- Care must be taken once the bottle is in use to not remove all numbers from it.
Processing Your Order/Invoices
- Your controlled substance order must be processed the day you receive it.
- Your order will come with an invoice. On the invoice you will record:
1. The date the shipment was received. 2. For each type of controlled substance you received you will record the d. Number assigned to the bottles e. “20 bottles diazepam, D10-001 to D10-020, Lot 71-215-01-EV Exp 11-2010”
- The invoice is then filed, I have a section in my binder marked “invoices”
- The bottles are recorded in order on a disposition log
- Your first Biennial audit is performed if this is your first order
- The controlled substances are locked in your safe/lock box
The disposition log tells you where all bottles of controlled substances in your practice are located at any time. It includes the following information:
- Who they were received from (we don’t use that many suppliers, so I just use initials)
- When a bottle is moved from the safe to a room in the clinic or to a clinician’s bag the date and new location are recorded. The person responsible for the movement of the bottle initials the “by” column.
- All subsequent moves, if any, are recorded.
- When the bottle is finished a final entry is made in the disposition log stating the date the bottle was emptied.
- If more space is needed for a given bottle it is carried to the back page. This page does not contain the drug, volume, supplier, lot number, or expiration date as it is all recorded on the front page.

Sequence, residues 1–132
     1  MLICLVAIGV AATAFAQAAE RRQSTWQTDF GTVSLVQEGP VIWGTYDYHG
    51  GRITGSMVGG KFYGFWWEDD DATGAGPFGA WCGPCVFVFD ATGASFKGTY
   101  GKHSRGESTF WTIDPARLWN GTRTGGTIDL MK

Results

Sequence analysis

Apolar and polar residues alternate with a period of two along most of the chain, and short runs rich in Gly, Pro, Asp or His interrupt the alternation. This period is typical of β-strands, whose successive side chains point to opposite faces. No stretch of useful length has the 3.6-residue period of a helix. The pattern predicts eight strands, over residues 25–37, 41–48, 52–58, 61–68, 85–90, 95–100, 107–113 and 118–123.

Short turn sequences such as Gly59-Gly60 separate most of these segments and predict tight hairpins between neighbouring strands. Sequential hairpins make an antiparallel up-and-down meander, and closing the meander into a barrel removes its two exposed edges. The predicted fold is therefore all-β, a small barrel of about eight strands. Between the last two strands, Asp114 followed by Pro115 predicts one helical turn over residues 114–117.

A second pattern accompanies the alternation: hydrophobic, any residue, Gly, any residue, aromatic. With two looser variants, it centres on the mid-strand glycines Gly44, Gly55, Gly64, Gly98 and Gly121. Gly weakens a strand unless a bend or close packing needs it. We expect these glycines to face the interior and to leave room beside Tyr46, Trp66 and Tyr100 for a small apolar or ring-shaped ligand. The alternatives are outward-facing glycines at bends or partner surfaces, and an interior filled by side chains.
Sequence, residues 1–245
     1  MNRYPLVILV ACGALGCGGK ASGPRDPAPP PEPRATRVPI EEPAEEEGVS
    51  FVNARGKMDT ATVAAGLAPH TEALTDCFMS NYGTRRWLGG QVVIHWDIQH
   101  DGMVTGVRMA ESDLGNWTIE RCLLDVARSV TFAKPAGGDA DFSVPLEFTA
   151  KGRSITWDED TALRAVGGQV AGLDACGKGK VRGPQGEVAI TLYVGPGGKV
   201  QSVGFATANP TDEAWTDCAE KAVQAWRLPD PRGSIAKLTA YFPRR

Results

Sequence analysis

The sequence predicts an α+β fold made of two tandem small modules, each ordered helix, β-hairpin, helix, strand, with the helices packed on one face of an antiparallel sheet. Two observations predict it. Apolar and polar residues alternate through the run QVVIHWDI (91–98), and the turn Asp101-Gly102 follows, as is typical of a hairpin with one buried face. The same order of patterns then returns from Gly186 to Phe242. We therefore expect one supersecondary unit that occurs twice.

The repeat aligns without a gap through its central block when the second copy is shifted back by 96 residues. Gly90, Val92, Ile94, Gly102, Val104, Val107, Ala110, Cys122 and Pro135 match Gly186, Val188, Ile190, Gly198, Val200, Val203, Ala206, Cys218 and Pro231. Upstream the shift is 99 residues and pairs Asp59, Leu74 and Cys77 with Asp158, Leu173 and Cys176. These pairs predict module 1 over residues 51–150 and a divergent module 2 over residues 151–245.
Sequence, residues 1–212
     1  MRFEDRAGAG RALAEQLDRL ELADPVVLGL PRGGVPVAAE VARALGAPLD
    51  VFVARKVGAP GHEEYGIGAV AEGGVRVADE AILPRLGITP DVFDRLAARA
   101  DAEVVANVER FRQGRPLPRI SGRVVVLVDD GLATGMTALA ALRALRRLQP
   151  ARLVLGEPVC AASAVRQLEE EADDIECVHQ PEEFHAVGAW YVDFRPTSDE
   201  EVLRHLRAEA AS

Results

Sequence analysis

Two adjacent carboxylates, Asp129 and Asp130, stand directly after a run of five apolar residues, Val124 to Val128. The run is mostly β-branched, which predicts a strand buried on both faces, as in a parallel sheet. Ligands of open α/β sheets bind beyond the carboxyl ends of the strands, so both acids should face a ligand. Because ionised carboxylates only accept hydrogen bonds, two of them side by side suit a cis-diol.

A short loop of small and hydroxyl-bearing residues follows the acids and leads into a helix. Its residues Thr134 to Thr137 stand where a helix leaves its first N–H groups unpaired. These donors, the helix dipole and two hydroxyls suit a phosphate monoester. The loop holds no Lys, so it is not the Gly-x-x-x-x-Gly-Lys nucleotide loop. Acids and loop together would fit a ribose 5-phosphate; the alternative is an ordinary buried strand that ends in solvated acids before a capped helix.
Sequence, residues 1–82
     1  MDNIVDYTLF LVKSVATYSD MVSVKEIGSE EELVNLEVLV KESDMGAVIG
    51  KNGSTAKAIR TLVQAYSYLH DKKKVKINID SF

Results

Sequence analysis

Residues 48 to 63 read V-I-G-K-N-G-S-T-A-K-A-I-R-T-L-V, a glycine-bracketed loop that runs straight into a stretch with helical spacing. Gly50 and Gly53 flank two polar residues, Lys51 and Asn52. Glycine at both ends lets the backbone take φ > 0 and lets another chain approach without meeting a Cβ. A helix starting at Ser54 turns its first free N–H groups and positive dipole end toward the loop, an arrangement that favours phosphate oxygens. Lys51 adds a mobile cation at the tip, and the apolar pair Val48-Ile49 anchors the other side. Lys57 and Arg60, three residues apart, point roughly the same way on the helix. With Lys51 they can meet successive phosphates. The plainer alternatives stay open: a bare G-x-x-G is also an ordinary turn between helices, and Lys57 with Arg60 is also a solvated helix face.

- You are required to do an audit of your stock:
1. On the first day that you receive controlled substances. 2. Biennially after that (once every two years).
- The audit must be performed during hours when no one will access the practices controlled substances, (on a day when the clinic is closed, or during off hours.)
- This is easier if you allow your stock to run down a little before you do it. (Don’t place a big order and then decide to audit your stock).
NOTE: There are companies that employ retired DEA officers to consult with veterinary clinics. According to one such company (2nd hand information) if the DEA audits you they tend to only go back as far as your last internal audit. For this reason I do an audit every year. I do it on the first of the year and keep my records for each year completely separate. I do a balance forward on a new usage log for any open bottles from the previous year. I make a balance forward entry on my disposition log, and have a new disposition log that covers exactly a one year period.
- Under bottle numbers you can list a series, as long as the lot numbers and expiration dates are all the same for the entire series.